Sunday, August 27, 2023

Typing Lesson 3

Another typing lesson begins, by which I mean that it's not really a typing lesson I'm talking about, but rather an exercise to become re-acquainted with the habit of mind and task to sit at the keyboard and fill a computer screen full of words that form coherent sentences. So far, this is coherent, but it's also directionless, the point exactly of these alleged typing lessons. This places me in the odd spot of reading what I've composed so far--” composed” sounds too fine a word to apply to what I'm doing, as it suggests forethought and creation based on an actual idea, preferably new, rather than a stringing together of tropes sticky with too much varnish--as if I were the critic surveying the mess with a caustic and condemning eye. So far, so good, so far as grammatical and syntactical work goes. The question of purpose remains, however, and the sad fact of this very moment is that I need to log off and go elsewhere into the city and so leave this impractical chattering with myself in abeyance. Another potential masterpiece thwarted. But quickly, the aim of this paragraph, if any? It's a  warm up exercise for a thousand- word diatribe I will intensely cast forth anon. Stay tuned and hug your cat.

Friday, August 25, 2023

Typing lesson 2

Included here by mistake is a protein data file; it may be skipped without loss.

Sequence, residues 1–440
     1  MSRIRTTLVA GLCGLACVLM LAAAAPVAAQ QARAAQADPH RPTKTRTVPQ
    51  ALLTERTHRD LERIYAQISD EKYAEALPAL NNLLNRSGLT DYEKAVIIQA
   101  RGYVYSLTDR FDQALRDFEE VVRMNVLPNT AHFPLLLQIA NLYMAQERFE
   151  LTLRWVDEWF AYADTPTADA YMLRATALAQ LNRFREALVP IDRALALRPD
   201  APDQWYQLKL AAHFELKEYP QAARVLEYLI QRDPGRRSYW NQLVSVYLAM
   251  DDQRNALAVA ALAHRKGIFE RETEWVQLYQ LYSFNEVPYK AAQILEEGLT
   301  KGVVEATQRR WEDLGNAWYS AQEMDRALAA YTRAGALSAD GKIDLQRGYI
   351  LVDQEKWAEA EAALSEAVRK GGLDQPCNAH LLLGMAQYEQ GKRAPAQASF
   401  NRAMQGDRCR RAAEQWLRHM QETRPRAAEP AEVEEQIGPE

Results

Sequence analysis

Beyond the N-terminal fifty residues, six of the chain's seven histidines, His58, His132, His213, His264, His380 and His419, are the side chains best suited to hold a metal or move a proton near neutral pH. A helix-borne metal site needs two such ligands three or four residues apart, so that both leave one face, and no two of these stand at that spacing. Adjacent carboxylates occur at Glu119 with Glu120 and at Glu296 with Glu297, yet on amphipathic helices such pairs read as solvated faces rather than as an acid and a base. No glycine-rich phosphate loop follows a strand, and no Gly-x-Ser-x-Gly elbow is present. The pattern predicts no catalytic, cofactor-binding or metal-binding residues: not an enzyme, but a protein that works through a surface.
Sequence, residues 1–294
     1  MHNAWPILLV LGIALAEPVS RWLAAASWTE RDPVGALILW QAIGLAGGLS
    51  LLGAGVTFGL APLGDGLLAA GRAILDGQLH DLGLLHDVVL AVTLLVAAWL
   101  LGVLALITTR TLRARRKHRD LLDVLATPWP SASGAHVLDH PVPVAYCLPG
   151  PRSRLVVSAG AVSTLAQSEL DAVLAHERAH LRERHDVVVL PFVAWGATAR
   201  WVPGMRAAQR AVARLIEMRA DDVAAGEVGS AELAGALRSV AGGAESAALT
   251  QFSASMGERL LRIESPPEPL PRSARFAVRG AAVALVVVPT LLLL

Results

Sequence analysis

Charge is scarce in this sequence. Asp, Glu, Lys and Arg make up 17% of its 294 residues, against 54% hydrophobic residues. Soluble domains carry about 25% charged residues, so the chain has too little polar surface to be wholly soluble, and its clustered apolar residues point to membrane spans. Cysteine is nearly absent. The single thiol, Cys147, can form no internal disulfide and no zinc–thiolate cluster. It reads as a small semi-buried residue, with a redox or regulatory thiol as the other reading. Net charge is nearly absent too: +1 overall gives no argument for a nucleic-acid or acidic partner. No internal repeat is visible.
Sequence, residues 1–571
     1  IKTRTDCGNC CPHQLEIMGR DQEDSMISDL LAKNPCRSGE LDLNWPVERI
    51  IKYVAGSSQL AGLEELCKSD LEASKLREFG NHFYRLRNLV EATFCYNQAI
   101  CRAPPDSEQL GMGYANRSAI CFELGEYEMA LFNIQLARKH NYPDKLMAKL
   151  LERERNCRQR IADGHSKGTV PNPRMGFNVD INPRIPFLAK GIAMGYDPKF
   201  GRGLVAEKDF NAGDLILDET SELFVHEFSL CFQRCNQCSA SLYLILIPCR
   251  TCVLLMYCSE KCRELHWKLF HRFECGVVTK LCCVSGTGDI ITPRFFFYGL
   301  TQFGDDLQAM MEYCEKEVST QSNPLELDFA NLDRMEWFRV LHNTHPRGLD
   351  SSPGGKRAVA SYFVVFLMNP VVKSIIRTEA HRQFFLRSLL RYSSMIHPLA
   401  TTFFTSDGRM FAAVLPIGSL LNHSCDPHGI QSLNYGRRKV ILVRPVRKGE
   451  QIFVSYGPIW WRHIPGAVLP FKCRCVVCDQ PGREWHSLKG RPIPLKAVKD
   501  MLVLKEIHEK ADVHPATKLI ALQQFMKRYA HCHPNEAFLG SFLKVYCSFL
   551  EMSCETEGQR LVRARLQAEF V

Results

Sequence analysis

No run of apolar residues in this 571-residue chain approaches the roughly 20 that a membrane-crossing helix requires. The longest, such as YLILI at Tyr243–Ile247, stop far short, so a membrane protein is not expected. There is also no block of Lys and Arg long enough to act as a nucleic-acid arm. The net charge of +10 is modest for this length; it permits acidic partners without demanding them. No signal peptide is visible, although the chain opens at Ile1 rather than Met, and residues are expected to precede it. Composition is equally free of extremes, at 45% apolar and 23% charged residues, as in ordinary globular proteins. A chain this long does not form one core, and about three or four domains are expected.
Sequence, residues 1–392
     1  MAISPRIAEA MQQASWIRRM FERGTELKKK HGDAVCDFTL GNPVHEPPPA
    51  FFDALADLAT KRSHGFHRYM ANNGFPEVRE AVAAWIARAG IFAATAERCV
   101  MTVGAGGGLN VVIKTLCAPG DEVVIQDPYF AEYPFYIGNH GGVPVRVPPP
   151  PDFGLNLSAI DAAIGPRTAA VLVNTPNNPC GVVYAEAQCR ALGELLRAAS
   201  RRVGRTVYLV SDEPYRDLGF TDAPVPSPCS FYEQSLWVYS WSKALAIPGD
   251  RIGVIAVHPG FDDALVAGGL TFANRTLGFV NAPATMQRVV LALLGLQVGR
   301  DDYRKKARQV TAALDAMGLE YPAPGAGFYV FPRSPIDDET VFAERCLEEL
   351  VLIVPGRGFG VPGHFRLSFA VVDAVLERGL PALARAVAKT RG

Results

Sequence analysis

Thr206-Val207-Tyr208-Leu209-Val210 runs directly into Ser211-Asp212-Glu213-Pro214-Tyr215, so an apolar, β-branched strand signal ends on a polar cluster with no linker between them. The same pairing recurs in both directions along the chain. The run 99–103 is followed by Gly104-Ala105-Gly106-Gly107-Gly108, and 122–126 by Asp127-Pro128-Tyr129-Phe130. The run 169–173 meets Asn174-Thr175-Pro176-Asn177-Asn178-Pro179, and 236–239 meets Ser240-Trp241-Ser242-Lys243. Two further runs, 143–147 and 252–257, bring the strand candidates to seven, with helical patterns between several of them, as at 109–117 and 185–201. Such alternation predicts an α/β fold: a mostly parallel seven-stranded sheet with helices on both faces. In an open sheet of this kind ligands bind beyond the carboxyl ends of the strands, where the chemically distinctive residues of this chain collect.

Here we are again, gathered in a paragraph next to a black and white photograph of a combination check-cashing service and liquor store in the testier blocks of the beach area, writing words to a digital page only for the sake of doing something sublimely inane when inspiration is in brief supply and a sentence is only as powerful as the fingers that rattled off the nonsense. Gathered together for no good purpose, but who is the commander who informs us what the good purpose is? Here we are again in the same room at the same desk with the same plastic coffee can filled halfway with bad pennies no one has loved. In the days of my youth, we used to drive from Michigan to Martinsville, Virginia to visit our southern cousins on my mom’s side of the family. In the recollection, I remember a house in a wooded area that was mountainous to an extent, and behind my grandmother’s abode was a canyon and railroad tracks that were still active on the transportation schedules. I remember seeing boxcars and passenger cars racing past at the bottom of the ravine, a blur partially obscured by thick bramble, bushes, tree branches in full leafy glory. Cut to a drive back home to a Detroit suburb, a straight, flat highway that is wide, occasionally curving around bends and ducking under bridges, a flat stretch without end under a steel grey sky and clouds the color of white cotton that soaked up a streak of black coffee. The radio was blaring news of the war and the newspaper strike between pitchmen screaming about smashing prices and the opening bars of a Doors song before Mom turned off the radio and Dad began to sing “I Love Paris” as he tapped a beat on the steering wheel and a big grin and an interstellar glint came to his eye. The stained clouds gave the cars their burden, a hard rain and punishing wind blew cascades of water across the road that looked like small California waves. My brother and sister next to me in the back seat while I claimed my spot by the rear window. Farmhouses, abandoned tractors hurried by, factories hid behind thick groves of pine trees. Mom lit another cigarette. My sister coughed and my brother farted, a wild, rasping, snorting sound. “I love Paris in the evening…when it’s raining…” my father sang. My mother’s face was obscured by grey smoke, but she began to sing along with him. Their harmony was grating and monotonous and the highway was straight and the sky was large and filled with clouds and fleeting streaks of lightning in the distance terrorizing farm animals or the counterman at a desolate gas station and snack bar just off the expressway exit.